Rodrigo Sánchez de Arévalo

Rodrigo Sánchez de Arévalo (Latin: Rodericus Zamorensis; Santa María la Real de Nieva, diocese of Segovia, 1404 – 4 October 1470) was a Spanish churchman, historian and political theorist.

A learned Spanish bishop, after studying law at Salamanca for ten years and there graduating as Doctor, he became secretary to John II of Castile, and Henry IV of Castile. They employed him as envoy on various missions, notably to the Holy See apropos of the Council of Basle, whose conciliarist theories he opposed. While on a mission to the Holy Roman Empire, he was addressed in a letter by Nicholas of Cusa setting forth the latter's theory of explicatio Petri, the unfolding of the Church from Peter.

In 1450 Arévalo gave the annual encomium in honor of St. Thomas Aquinas at the Church of Santa Maria sopra Minerva to the academic community of the College of St. Thomas, the forerunner of the Pontifical University of St. Thomas Aquinas, Angelicum.[1]

After the elevation of Calixtus III, he remained at Rome, became Bishop of Oviedo in Spain, and later commander of the papal fortress, the Castel Sant'Angelo, under Paul II, who transferred him successively to the Spanish sees of Zamora, Calahorra, and Palencia. Rodrigo was the jailer of Julius Pomponius Laetus (Giulio Pomponio Leto), Bartolomeo Platina and other members of the Academia Romana (Roman Academy) suspected of conspiracy by Pope Paul.


His writings, mostly unedited, are in the Vatican and at Padua, and deal with ecclesiastical and political matters. The following have been printed: "Speculum Vitae Humanae" (Rome, 1468), a popular work, frequently reprinted in the next two centuries; it treats of the lights and shadows of the various estates of life; "Historia Hispanica," from the earliest times to 1469 (Rome, 1470), reprinted in the first volume of Andreas Schott's Hispania Illustrata.

In "De Monarchia Orbis et de origine et differentiâ principatus imperialis et regalis" (Rome, 1521), he asserts for the pope the sole right to punish kings. His bold reproofs of certain ecclesiastical dignitaries caused Matthias Flacius to put him down as a forerunner of Martin Luther, but quite unjustly, as Nicolás Antonio has shown in his Bibliotheca Hispanica Vetus (II, 397, 608, 614).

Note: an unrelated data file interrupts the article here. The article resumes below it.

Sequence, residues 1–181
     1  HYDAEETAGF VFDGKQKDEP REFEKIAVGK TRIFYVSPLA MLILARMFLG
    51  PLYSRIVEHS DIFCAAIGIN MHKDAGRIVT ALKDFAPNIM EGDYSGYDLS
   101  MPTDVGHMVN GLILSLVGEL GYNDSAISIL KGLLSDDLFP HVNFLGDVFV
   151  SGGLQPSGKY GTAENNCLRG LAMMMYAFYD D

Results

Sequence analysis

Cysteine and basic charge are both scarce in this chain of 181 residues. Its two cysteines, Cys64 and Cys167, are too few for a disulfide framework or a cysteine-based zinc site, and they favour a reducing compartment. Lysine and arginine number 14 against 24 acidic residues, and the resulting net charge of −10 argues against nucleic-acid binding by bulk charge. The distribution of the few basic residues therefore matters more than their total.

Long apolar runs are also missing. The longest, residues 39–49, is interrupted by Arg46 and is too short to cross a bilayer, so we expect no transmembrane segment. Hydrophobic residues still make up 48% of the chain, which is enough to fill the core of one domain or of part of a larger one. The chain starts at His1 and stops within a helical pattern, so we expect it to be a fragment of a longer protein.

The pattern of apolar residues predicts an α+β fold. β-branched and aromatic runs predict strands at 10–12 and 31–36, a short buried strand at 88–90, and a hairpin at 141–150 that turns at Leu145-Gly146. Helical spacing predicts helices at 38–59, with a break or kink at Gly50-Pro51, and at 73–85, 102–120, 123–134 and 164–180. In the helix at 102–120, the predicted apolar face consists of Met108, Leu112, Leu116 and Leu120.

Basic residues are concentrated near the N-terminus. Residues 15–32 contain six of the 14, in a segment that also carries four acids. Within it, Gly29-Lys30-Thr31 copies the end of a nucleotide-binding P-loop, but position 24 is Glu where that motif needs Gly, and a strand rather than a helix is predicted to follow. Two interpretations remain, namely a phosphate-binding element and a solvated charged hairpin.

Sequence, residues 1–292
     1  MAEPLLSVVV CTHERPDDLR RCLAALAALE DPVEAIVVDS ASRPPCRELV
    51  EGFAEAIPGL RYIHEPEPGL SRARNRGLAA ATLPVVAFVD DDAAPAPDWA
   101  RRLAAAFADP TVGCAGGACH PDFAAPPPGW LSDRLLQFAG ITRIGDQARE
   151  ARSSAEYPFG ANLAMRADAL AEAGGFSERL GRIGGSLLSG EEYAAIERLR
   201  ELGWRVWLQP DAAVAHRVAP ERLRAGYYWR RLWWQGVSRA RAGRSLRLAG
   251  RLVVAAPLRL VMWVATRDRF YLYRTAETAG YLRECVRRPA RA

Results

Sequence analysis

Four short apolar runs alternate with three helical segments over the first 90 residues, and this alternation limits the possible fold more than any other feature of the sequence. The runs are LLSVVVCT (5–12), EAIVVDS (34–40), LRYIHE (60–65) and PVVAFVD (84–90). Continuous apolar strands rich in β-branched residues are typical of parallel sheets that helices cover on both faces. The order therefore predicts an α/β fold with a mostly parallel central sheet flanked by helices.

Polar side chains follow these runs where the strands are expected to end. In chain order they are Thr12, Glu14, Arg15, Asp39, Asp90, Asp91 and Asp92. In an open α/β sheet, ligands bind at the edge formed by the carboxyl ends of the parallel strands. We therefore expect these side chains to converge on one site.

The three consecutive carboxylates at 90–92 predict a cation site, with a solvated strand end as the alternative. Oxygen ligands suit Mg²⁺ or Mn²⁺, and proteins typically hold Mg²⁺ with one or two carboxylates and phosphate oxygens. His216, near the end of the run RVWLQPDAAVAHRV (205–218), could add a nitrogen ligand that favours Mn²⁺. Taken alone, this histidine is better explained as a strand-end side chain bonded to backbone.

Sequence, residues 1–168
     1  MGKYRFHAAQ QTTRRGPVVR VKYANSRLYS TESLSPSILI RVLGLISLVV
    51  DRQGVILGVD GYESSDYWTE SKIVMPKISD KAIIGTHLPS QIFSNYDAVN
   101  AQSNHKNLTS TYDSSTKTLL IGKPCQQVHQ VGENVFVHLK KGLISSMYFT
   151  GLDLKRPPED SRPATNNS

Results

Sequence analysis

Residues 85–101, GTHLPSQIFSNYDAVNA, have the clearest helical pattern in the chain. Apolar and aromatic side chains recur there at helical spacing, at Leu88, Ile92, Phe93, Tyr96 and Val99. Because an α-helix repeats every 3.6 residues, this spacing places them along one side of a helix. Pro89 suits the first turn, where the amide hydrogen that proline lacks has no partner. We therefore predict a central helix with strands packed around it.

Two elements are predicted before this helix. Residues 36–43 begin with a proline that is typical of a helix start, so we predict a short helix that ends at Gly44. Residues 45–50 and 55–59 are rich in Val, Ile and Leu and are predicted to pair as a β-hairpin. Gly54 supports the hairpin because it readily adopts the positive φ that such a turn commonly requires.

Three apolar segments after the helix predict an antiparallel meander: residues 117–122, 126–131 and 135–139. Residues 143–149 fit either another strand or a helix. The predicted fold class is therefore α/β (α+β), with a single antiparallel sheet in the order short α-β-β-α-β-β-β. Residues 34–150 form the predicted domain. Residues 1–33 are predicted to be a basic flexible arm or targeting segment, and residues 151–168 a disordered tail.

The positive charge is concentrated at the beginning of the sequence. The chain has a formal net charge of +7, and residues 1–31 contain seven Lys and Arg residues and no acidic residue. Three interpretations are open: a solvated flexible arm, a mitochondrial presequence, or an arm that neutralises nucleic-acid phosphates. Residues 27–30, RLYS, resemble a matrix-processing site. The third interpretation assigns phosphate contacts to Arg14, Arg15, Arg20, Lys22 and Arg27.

• De arte, disciplina et modo aliendi et erudiendi filios, pueros et juvenes (1453)
  • Suma de la política (1454/5), edited by Juan Beneyto Perez (1944)
  • Vergel de príncipes (1456/7)
  • Speculum vitae humanae (1468) as Espejo de la vida humana (Zaragoza, 1491)
  • Compendiosa historia Hispanica (c. 1470, title page)


  1. ^ Accessed 31 Dec. 2014; J. BLÁZQUEZ, Sermón de Rodrigo Sánchez de Arévalo en la fiesta de Santo Tomás de Aquino (7 marzo 1450), “Revista española de teologia” 34 (1974), 396-402.
  • Stanonick in Wetzer and Welte's Kirchenlexicon, I, 1272
  • Ludwig von Pastor, Geschichte der Paepste, I, 392, and II, 333, 342.
  • Juan Marâia Laboa, Rodrigo Sanchez De Arevalo: Alcaide De Sant'Angelo, Fundaciâon Universitaria Espaänola, Seminario Nebrija, 1973.
  • Richard H. Trame, Rodrigo Sanchez de Arevalo 1404-1470: Spanish Diplomat and Champion of the Papacy , Washington, DC: Catholic University of America Press, 1958.
  •   This article incorporates text from a publication now in the public domainHerbermann, Charles, ed. (1913). Catholic Encyclopedia. New York: Robert Appleton Company. Missing or empty |title= (help)

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